Sergey Galyonkin, the man behind SteamSpy, has published the 2016 edition of his Steam end of year analysis, revealing some of the biggest winners and losers on the platform in 2016 and revealing that roughly $3.5b was spent on the platform through 2016 on games, although this doesn't include cash spent on DLC or free-to-play titles.
This number is significant here because this is the same number that Galyonkin estimated in his 2015 round up for the platform, despite his estimations in November of this year that a third of all the games on Steam's platform had been released this year, with the final tally being 5,245 games being added to Valve's storefront in 2016.
You can see his full report here, and the information can be used by developers to assess Steam's marketplace, and its current state, when considering projects for the year ahead. As ever, I always say that SteamSpy isn't 100% accurate, but has often been lauded for its accuracy. In this case, Galyonkin himself says that "The margin of error on this particular number is quite high. I used three different methods to estimate the revenue and ended up with numbers ranging from $3.3B to $3.6B."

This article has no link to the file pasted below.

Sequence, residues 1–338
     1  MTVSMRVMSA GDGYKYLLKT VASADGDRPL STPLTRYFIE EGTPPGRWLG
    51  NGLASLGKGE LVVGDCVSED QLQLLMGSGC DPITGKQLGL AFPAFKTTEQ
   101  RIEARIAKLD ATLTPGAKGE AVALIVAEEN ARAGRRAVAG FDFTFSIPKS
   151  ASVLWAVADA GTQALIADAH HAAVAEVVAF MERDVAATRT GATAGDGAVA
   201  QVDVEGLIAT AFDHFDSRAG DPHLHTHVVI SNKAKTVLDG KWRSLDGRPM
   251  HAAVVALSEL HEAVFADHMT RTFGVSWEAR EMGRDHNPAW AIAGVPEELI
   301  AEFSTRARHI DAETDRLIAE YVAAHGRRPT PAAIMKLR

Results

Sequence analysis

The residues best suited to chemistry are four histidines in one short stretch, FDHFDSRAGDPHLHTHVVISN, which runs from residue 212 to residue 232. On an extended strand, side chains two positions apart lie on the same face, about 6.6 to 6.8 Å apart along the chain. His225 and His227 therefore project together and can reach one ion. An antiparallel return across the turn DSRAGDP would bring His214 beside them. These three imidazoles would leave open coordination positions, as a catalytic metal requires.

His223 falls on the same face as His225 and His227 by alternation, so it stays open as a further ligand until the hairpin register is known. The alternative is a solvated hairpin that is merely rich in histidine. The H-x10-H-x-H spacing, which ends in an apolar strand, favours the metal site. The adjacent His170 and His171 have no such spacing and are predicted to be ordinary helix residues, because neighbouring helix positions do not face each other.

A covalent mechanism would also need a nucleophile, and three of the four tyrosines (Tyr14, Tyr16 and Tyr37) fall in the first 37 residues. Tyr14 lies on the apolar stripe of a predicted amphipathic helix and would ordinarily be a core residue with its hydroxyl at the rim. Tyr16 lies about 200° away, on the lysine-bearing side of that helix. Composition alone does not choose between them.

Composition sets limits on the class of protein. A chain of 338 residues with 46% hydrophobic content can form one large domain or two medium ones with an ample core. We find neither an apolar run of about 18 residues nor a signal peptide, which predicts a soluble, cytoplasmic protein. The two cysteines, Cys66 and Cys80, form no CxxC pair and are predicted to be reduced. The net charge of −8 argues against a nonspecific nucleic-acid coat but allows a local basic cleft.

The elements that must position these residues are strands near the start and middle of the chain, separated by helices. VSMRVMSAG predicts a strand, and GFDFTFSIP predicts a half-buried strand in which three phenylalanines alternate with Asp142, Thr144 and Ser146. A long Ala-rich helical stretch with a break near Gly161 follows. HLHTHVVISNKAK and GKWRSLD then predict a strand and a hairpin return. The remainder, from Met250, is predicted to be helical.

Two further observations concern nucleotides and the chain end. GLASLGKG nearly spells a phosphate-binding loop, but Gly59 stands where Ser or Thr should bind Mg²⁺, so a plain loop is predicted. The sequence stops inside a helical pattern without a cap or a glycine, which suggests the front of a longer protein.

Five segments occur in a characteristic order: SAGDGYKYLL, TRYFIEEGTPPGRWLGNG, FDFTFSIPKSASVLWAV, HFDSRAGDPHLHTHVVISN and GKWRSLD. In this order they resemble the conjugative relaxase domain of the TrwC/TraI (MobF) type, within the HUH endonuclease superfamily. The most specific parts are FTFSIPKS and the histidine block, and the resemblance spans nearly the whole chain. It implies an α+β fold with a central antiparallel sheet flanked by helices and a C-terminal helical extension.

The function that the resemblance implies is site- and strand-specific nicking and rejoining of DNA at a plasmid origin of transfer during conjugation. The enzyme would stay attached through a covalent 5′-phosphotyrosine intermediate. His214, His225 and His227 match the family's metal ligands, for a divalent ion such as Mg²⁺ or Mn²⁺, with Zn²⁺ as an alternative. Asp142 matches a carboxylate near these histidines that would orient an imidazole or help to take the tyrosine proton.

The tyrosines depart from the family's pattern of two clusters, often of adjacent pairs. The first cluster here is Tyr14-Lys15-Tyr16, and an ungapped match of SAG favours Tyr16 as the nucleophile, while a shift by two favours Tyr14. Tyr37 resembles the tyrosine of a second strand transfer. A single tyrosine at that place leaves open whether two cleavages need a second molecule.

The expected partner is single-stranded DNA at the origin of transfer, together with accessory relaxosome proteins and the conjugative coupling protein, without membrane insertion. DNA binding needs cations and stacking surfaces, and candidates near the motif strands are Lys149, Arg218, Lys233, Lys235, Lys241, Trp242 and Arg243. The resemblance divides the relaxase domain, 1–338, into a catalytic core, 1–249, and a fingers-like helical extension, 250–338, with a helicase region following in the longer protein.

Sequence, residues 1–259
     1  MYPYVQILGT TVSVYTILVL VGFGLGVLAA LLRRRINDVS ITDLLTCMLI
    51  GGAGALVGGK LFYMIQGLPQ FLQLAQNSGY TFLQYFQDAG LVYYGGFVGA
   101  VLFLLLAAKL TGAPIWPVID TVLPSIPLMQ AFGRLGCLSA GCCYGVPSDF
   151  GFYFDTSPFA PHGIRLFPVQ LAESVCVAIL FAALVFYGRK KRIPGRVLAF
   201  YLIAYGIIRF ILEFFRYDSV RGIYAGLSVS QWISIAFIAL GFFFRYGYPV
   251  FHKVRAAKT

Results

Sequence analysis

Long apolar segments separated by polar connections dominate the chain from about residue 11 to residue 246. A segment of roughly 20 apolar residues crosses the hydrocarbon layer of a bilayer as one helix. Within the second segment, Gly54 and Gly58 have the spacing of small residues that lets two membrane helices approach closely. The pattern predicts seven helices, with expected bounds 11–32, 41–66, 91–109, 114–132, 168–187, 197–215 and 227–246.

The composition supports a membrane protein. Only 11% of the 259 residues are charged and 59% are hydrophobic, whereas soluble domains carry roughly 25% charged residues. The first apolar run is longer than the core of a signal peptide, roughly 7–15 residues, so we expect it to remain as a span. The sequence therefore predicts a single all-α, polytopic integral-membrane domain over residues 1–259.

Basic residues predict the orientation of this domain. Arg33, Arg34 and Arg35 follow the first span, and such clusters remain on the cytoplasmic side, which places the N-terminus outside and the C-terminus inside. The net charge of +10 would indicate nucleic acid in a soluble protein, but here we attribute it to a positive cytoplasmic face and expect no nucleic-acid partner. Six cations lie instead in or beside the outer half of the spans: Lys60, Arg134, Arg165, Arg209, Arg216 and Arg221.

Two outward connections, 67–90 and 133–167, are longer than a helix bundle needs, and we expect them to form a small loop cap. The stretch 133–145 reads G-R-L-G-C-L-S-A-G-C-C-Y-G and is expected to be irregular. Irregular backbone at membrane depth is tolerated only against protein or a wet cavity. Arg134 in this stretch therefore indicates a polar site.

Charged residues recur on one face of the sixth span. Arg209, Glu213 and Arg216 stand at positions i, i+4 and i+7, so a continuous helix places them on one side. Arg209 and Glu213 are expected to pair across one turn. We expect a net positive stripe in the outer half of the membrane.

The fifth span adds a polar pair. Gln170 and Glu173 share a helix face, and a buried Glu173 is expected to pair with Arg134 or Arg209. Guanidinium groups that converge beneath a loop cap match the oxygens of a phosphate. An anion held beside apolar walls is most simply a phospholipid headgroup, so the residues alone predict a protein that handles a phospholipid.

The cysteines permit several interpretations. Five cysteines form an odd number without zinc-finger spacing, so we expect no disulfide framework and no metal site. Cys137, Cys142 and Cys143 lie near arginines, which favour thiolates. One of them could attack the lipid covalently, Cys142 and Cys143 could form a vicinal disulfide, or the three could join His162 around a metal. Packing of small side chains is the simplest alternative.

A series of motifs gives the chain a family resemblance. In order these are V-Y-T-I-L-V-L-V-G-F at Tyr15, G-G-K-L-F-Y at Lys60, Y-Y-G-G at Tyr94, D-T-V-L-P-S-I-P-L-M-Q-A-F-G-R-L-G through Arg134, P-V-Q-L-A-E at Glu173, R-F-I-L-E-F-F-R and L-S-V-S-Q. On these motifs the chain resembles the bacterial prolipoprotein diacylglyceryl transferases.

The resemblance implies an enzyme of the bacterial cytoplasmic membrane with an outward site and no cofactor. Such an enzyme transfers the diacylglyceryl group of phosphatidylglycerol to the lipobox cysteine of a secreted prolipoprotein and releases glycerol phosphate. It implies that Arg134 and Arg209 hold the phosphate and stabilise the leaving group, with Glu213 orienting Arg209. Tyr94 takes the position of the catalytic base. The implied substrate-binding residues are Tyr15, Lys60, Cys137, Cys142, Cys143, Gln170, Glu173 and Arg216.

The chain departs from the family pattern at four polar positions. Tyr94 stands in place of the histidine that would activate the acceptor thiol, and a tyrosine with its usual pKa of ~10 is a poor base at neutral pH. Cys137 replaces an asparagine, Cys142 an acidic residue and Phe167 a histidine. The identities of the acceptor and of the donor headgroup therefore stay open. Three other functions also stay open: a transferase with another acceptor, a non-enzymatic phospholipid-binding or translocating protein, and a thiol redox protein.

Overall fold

He blames a lot of this slow growth on Steam for a dearth of highly popular big-budget releases for Steam — and indeed several of the biggest games of the year were launched on Uplay and Origin, Ubisoft and EA's competing platforms — but also in a slight slowdown when it comes to Steam uptake in both Europe and North America, where interest in premium titles is at its highest.